Everyone experiences dizziness from time to time, and there are some instances where an aging adult will feel dizzy for a good reason. However, dizzy spells can be a symptom of a much bigger health issue, so family caregivers and home care providers should not disregard it if their elderly loved one frequently complains about the room spinning or feeling lightheaded. In other words, dizzy spells can be normal for elderly adults on occasion, but chronic dizzy spells are not.
What Causes Dizzy Spells in the Elderly?
Sometimes there are obvious causes of a dizzy spell in an elderly adult. Among the most common are fatigue, dehydration, low blood pressure from standing up too fast, heat exhaustion, too much caffeine, common illness like a cold, and low blood sugar. These dizzy spells are usually resolved within a short time after a family caregiver or home care provider has given the aging adult a chance to rest and have a bit of food or drink.
Some common medical issues can also trigger dizzy spells in seniors. Examples include vertigo, inner ear infections, diabetes, migraines, food poisoning, panic attack, carbon monoxide poisoning, vitamin deficiencies, and Meniere’s disease (inner ear disorder). In extreme cases, dizziness is also a symptom of a heart attack, pulmonary embolism or brain tumor. It’s always a good idea for family caregivers to err on the side of caution and take their elderly relative in to the doctor.
How to Help an Elderly Adult Who is Dizzy
When an elderly adult is suffering from a dizzy spell, family caregivers and home care providers need to spring into action to keep the senior safe and comfortable. It’s always a good idea to have a home care provider stay with the aging adult while they struggle with their health issues to lend a hand when they need it and work hard to keep them out of harm’s way.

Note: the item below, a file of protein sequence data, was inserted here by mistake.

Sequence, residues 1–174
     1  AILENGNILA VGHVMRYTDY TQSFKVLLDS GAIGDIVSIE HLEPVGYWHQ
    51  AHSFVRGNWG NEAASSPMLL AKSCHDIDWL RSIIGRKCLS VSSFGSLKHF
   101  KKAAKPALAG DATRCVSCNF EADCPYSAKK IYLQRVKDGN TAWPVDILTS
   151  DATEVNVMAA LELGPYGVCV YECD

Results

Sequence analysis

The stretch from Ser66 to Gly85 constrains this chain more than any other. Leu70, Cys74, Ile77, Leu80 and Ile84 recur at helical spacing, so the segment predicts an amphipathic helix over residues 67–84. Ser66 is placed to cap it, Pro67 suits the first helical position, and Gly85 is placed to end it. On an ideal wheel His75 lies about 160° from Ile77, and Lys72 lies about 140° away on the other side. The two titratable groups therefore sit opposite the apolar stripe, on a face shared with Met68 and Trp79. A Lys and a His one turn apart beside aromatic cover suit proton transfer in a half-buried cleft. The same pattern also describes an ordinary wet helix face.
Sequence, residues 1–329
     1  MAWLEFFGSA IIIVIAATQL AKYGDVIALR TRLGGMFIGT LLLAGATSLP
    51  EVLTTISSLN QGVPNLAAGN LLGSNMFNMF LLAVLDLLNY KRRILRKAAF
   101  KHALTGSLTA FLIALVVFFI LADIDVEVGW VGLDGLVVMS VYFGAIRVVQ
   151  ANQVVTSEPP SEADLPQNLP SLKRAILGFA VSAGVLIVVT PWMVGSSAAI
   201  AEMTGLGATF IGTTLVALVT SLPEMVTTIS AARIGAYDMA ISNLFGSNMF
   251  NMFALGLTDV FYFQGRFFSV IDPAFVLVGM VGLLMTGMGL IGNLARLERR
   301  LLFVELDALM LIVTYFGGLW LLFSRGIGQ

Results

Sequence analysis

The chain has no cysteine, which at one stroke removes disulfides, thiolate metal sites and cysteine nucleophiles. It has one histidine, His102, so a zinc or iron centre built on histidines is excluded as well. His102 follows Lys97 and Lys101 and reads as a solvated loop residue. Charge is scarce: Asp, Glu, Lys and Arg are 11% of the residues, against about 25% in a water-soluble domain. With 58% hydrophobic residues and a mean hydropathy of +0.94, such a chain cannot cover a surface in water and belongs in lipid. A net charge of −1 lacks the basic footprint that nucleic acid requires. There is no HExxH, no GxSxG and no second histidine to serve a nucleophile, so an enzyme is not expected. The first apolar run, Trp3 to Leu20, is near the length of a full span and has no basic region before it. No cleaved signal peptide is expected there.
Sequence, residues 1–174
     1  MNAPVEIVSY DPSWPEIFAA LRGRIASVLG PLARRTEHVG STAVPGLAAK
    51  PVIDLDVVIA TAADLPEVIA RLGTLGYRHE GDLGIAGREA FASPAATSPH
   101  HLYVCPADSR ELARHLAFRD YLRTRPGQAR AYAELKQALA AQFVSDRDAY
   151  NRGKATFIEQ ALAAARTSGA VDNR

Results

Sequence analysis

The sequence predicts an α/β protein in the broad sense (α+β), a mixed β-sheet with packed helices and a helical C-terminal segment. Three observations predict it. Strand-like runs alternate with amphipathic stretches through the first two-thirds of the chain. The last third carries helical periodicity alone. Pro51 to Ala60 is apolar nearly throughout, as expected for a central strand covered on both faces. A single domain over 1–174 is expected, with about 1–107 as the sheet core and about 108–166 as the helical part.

Whenever the elderly adult complains of being dizzy, family caregivers and home care providers should act quickly. Otherwise, the elderly adult could fall and hurt themselves. Caregivers should support the elderly person as they walk toward a chair, then help them sit down. If possible, the aging adult should sip some water and loosen any constricting clothing like a tie or high-collared shirt. Family caregivers should make the aging adult sit for at least 10 minutes before helping them up again. If they still feel dizzy, they should rest for longer.
If dizzy spells are increasing in frequency or last longer than 10 minutes each time, it’s a good idea to make an appointment with the doctor. Because dizziness can be a symptom of something more serious, family caregivers should not brush them off as a normal part of aging.
If you or an aging loved one are considering caregivers in Mason, MI, please contact the caring staff at Seniors Helping Seniors of Lansing. Call today: 517-332-9953.